For a while I've been pondering a user authentication protocol that aims to ensure that a client does some computational work before the server will attempt to authenticate the password.

The reason for this is to remove some of the asymmetry involved when a bad actor hits a login endpoint. The server has to perform an expensive password hash operation, while the client just sends a request. This means that the server will be using a lot more resources than the clients.

To dissuade bad actors, I had the following idea, inspired by bitcoin, for a login protocol:

  1. Client sends request to server, stating that they would like to do a login attempt.
  2. Server responds that the client may proceed. It also includes some random string and asks the client to produce a string such that the random string appended with the string generated by the client will have X number of 0s at the end of its SHA1 hash.
  3. Client generates random strings and SHAs them until a string matching the condition is found. and sends that string with the login request, along with the user's credential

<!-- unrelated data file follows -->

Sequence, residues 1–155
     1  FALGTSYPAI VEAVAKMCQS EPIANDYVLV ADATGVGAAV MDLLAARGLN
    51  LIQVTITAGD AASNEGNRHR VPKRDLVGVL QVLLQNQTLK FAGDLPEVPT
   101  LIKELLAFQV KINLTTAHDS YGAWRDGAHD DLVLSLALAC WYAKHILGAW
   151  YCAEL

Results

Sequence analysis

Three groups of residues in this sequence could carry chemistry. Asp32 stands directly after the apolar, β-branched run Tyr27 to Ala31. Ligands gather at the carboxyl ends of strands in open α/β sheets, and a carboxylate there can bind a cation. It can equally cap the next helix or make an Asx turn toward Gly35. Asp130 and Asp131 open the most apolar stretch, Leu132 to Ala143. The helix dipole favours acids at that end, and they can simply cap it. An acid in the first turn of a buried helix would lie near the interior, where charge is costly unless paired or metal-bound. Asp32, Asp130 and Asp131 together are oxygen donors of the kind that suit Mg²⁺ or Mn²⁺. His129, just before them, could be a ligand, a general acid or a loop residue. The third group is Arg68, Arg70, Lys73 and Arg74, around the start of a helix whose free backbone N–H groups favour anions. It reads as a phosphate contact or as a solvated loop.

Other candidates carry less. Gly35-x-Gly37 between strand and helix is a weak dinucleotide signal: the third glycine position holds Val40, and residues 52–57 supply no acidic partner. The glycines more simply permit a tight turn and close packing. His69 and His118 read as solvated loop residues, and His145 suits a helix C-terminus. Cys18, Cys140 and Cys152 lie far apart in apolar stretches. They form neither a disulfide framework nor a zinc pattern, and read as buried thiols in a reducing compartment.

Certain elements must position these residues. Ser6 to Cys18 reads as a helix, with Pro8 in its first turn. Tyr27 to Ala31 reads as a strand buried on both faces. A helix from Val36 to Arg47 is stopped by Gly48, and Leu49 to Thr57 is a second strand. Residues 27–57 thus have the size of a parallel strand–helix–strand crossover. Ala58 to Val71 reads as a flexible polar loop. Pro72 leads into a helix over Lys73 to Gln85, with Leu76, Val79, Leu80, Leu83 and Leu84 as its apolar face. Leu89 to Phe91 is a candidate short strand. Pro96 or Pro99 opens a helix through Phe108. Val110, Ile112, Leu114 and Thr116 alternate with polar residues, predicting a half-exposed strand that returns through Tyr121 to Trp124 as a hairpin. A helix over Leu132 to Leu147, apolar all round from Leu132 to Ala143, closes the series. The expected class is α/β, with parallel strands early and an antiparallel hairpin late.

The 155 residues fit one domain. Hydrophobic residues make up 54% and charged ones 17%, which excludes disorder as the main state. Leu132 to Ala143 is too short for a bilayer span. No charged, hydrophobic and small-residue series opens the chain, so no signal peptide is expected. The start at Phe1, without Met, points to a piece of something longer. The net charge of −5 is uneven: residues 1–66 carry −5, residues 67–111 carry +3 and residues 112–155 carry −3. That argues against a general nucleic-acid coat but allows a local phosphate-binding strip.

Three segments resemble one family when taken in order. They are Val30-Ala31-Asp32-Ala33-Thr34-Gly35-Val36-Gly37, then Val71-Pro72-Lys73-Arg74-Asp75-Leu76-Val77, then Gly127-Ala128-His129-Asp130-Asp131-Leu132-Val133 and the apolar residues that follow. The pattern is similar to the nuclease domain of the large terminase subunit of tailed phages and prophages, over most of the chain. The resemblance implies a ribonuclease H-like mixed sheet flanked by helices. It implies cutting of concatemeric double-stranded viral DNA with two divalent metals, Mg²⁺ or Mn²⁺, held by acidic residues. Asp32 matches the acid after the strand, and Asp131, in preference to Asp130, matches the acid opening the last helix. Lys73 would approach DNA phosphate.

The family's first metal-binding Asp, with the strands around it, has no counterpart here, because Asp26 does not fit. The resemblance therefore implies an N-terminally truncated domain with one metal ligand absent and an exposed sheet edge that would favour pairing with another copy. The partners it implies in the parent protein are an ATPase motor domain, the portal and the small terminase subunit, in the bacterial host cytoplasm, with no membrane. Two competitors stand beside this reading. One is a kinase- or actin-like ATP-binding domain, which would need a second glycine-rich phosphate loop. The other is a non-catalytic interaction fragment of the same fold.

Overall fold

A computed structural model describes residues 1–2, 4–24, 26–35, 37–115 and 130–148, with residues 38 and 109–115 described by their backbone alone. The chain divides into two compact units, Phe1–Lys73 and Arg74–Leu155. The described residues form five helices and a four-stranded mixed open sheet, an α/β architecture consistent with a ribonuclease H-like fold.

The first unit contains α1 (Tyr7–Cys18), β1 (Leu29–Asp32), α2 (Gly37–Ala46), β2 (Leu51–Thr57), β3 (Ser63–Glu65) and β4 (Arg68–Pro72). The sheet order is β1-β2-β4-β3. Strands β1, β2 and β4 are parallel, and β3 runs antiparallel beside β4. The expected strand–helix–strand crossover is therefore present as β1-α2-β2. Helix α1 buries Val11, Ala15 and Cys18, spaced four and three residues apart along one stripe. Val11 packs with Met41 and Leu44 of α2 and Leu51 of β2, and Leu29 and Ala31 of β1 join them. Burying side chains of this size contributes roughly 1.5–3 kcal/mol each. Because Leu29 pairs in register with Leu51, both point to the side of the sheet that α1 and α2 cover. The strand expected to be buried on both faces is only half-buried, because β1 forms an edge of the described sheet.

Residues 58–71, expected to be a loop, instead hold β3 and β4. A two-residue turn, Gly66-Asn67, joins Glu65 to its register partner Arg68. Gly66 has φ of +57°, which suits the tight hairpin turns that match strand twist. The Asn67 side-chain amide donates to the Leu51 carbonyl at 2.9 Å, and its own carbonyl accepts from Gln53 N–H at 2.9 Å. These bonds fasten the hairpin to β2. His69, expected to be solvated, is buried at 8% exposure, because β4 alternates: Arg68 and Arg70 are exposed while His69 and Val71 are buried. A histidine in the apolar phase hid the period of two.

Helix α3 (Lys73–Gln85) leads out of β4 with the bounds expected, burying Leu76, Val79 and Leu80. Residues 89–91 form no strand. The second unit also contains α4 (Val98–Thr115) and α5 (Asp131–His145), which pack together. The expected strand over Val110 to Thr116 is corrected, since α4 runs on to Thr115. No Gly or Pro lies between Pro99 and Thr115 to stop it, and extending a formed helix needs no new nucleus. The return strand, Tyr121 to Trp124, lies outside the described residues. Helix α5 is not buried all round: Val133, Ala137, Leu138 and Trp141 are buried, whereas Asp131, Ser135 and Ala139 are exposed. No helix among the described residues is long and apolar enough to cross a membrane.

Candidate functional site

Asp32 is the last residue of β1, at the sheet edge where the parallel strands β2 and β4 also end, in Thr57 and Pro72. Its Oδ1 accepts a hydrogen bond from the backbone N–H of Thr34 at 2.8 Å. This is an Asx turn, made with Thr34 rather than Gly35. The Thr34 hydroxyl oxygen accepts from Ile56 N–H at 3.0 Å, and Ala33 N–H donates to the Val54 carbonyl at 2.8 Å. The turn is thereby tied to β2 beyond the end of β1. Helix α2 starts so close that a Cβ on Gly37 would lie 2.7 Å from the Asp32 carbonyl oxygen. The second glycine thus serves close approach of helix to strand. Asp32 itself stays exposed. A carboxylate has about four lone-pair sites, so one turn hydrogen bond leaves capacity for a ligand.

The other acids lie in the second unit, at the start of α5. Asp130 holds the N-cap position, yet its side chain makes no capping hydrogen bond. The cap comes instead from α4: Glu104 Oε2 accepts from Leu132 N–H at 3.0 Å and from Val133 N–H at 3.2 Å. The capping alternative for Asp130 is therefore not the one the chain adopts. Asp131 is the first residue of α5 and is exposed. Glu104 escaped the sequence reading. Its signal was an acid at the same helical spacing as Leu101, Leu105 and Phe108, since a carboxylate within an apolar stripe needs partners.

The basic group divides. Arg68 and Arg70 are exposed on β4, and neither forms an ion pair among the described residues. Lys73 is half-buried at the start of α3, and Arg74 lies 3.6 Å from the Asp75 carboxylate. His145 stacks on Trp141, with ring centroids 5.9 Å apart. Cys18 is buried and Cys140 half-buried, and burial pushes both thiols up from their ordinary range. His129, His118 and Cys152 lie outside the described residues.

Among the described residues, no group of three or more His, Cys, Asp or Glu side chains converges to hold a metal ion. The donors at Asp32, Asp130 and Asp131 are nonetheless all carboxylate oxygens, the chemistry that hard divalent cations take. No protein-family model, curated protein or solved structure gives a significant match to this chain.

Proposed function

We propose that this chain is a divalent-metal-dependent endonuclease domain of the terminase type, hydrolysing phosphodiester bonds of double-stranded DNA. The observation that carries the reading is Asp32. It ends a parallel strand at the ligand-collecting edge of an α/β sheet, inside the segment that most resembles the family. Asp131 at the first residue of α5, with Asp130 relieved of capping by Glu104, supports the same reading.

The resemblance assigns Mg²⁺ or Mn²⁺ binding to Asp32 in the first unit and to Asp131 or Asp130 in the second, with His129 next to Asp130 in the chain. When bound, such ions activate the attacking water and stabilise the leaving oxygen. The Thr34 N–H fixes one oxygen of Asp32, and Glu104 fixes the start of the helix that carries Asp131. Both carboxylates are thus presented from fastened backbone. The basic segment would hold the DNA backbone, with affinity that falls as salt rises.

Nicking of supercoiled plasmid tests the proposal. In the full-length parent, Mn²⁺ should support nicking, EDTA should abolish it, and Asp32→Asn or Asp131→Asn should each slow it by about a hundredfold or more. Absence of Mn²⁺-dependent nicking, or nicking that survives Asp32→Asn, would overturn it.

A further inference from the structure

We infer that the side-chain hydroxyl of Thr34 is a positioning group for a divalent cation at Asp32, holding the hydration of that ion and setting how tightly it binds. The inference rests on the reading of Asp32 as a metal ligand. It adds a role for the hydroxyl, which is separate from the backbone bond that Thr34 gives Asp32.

4. Server validates the string does in fact generate such a SHA when appended to the initially returned random string. Then performs a (much more expensive than SHA) hash check on the user's password.

Is there a good reason that such a pattern is not being used today, or would such a process achieve the goal?

  • Related: security.stackexchange.com/questions/222930/…
    – mti2935
    Commented Apr 20, 2023 at 18:14
  • There was some guy at a conference I went to maybe 10y ago that was pitching this idea. He wanted to compete with the Captcha services with algorithmic solutions like this. This was before JS-based cryptocurrency mining, so I'm not sure how well it would be received today.
    – Adam Katz
    Commented Apr 21, 2023 at 18:30